As my wife Debbie said recently, we appreciate all the great support we’ve received during the last 18 months. The end is near! We only have two more public hearings to go.
This Wednesday morning public comments will be shipped to members of Boulder County’s Planning Commission. Unfortunately, unless you commented recently on the draft regulations none of your earlier letters on house concerts will be delivered.
You CAN help with a short comment via the BoCo Land Use website.
** Please note County web site meeting time currently lists the incorrect time (which they will fix soon) - it will be an afternoon 3 PM hearing on Wednesday, January 16. **
** While we believe there is no need for this constitutionally challenged regulation, the primary wording change we’d like to see is raising the maximum from 6 to 12 home events per year. **
IF YOU ONLY HAVE TIME FOR A QUICK PUBLIC COMMENT PLEASE USE THE BOCO LAND USE WEBSITE.
If you have more time, letters to the County Commissioners and some local papers would be most appreciated. All of them require your name, address, and daytime phone number for verification purposes. If you keep your newspaper letters to under 200 words it will increase the odds of it being printed.
I am not a Libertarian but if you need tips on writing a letter to an editor check this out
Please write what’s on your mind or pick one topic from this list to be most effective:
#1 Boulder County is going in the wrong direction trying to regulate private parties. Even
“progressive” Colorado Springs allows monthly gatherings of 100 at a house concert there. Here’s an
article from 2002…this series in CO Springs does concerts almost every month now.
Other cities allowing house concerts include
#2 Cities all over the country, including Boulder, have nuisance party laws. They do not regulate size or frequency but instead measure the impact on the neighborhood.
#3 Regulating events on public lands is one thing but regulations affecting what you do in your living room has constitutional problems.
#4 Enforcement of the proposed regulation will be practically impossible. Who will keep track of annual “home events” and how to record if attendance was between 25 - 60? For something that is not advertised to the general public, how can you tell the difference between one of these “home events” and an ordinary party without actually sending an officer on-site to investigate? Not only does this make it unenforceable (that knock on the door could be a Fourth Amendment violation or even a First Amendment violation via prior restraint if people start looking over their shoulders for that knock), it gives any ornery neighbor an excuse to file anonymous complaints any time someone hosts a party of any kind.
#5 Boulder County is taking an absurd position by saying social events are illegal if not specifically authorized when most laws specify what is illegal. Why does a quiet indoor party need to be limited in size or frequency when much louder outdoor BBQs are allowed? Why limit the size of temporary signs to 2 square feet when real estate and celebratory party signs are often are much larger? Are there 14th amendment Equal Protection Clause issues here?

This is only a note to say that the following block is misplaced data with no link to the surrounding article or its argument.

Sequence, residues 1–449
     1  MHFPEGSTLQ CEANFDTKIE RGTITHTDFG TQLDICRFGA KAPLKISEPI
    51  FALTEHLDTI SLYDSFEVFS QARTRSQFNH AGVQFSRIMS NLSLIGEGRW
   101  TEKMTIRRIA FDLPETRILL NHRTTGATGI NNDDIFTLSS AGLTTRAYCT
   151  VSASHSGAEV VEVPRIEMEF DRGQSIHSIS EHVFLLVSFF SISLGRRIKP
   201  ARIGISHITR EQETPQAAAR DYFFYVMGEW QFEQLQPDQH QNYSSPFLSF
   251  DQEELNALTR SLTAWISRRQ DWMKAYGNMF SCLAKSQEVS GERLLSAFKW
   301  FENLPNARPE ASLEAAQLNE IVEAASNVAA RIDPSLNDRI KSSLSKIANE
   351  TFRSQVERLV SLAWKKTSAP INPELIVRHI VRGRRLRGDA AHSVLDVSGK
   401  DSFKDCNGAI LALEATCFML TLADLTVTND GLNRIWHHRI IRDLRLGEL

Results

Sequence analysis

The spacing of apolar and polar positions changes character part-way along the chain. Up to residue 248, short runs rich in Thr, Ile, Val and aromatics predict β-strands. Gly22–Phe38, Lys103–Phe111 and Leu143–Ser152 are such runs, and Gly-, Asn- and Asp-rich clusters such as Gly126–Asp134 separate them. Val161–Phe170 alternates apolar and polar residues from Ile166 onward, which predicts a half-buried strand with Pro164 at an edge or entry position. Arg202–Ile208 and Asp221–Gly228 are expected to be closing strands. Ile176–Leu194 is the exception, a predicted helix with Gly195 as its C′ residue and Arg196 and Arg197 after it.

No justification is given for restricting music events (broadcast or live) but not restricting other broadcast events run under similar circumstances. What about parties where people chip in for pay per view events? Or weekly football parties where everyone comes to watch the broadcast but is expected to chip in for pizza and beer provided by the hosts? Or a big film club that meets regularly at the home of a family that has an extra-large media room and asks that everyone who attends chips in to help pay for the equipment?
#6 Boulder County should encourage community social gatherings in homes. Many wine tasting clubs, prayer meetings with donations, pay-per-view football parties take place monthly or more often. Every year, people often have outdoor fund raisers (both political and charitable) that will exceed the size or frequency of these “home events.” Why should they be exempt?
#7 If exemptions are allowed for celebrations, how do you treat a Halloween potluck with musicians where guests optionally buy CDs or tip the musicians? How is that different from a political fund raiser where contributions are often expected? Why is Boulder County making a distinction over activity versus neighborhood impact?
#8 Why not just enforce existing nuisance laws rather than create new unconstitutional laws?
#9 Isn’t this a waste of County time and money when there are no known noise, parking, or traffic citations against the house concert series you sent the Cease-and-Desist order? Where is the protection against frivolous anonymous complainers?
#10 Boulder County has said it’s legal to have private concerts where musicians can be paid by the host and guests may offer money to the hosts. What’s illegal is putting out a tip jar…a silly distinction.
Anyone needing a reminder of the events leading up to this or want to read past letters of support (at least the ones we got copied on) see
Thanks for wading through this. Comments can be sent at any time before the 16th for the Planning Commission. The Commissioners meeting will likely be in February - date TBD. Comments received before then will also be hopefully read. 3 PM is a difficult time for many people working day jobs to make a public hearing so we’d love your physical support on Wednesday, January 16. Thank you…and Happy New Year!
greg and debbie